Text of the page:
Smooth muscle differentiation shapes domain branches during mouse lung development.

TitleSmooth muscle differentiation shapes domain branches during mouse lung development.
Publication TypeJournal Article
Year of Publication2019
AuthorsGoodwin, K, Mao, S, Guyomar, T, Miller, E, Radisky, DC, Košmrlj, A, Nelson, CM
Date Published2019 Nov 25
KeywordsActins, Animals, Cell Differentiation, Cell Proliferation, Crosses, Genetic, Epithelial Cells, Epithelium, Female, Gene Expression Regulation, Developmental, Genotype, Lung, Male, Mesoderm, Mice, Morphogenesis, Muscle, Smooth, Organogenesis, Protein Domains, Signal Transduction

<p>During branching morphogenesis, a simple cluster of cells proliferates and branches to generate an arborized network that facilitates fluid flow. The overall architecture of the mouse lung is established by domain branching, wherein new branches form laterally off the side of an existing branch. The airway epithelium develops concomitantly with a layer of smooth muscle that is derived from the embryonic mesenchyme. Here, we examined the role of smooth muscle differentiation in shaping emerging domain branches. We found that the position and morphology of domain branches are highly stereotyped, as is the pattern of smooth muscle that differentiates around the base of each branch. Perturbing the pattern of smooth muscle differentiation genetically or pharmacologically causes abnormal domain branching. Loss of smooth muscle results in ectopic branching and decreases branch stereotypy. Increased smooth muscle suppresses branch initiation and extension. Computational modeling revealed that epithelial proliferation is insufficient to generate domain branches and that smooth muscle wrapping is required to shape the epithelium into a branch. Our work sheds light on the physical mechanisms of branching morphogenesis in the mouse lung.</p>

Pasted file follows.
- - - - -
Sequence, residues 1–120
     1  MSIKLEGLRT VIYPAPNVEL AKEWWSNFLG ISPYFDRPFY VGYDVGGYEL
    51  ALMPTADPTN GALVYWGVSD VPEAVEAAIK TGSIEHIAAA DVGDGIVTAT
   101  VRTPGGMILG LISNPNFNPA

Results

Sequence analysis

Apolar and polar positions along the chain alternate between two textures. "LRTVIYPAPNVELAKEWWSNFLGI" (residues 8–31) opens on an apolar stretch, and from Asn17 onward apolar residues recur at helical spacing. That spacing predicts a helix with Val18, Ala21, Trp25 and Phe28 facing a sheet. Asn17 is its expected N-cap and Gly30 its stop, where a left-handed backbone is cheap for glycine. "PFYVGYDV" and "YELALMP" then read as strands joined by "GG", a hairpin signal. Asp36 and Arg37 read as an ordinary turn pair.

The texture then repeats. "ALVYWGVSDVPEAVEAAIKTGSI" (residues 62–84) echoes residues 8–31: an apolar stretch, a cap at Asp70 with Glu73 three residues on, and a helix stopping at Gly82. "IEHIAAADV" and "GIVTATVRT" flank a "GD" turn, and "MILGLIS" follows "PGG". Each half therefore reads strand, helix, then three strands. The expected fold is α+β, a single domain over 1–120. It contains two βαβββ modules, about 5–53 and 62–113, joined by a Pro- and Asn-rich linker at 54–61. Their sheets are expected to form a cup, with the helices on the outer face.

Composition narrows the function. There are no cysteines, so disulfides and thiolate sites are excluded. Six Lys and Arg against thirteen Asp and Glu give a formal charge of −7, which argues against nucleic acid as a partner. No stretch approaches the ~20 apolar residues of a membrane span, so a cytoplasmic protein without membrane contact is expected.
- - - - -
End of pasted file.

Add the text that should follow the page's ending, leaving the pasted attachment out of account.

Alternate JournalDevelopment
PubMed ID31645357
PubMed Central IDPMC6899029
Grant ListR01 HD099030 / HD / NICHD NIH HHS / United States
R01 HL120142 / HL / NHLBI NIH HHS / United States
R21 HL110335 / HL / NHLBI NIH HHS / United States
R21 HL118532 / HL / NHLBI NIH HHS / United States
/ HHMI / Howard Hughes Medical Institute / United States